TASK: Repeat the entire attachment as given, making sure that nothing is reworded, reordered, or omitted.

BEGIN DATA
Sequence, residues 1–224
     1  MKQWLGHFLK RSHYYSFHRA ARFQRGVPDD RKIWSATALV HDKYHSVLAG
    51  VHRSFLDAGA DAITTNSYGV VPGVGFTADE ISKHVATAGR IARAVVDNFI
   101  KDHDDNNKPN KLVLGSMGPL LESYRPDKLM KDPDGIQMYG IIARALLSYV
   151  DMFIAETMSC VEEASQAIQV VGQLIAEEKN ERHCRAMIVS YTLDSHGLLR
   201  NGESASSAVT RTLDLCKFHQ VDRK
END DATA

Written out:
Sequence, residues 1–224
     1  MKQWLGHFLK RSHYYSFHRA ARFQRGVPDD RKIWSATALV HDKYHSVLAG
    51  VHRSFLDAGA DAITTNSYGV VPGVGFTADE ISKHVATAGR IARAVVDNFI
   101  KDHDDNNKPN KLVLGSMGPL LESYRPDKLM KDPDGIQMYG IIARALLSYV
   151  DMFIAETMSC VEEASQAIQV VGQLIAEEKN ERHCRAMIVS YTLDSHGLLR
   201  NGESASSAVT RTLDLCKFHQ VDRK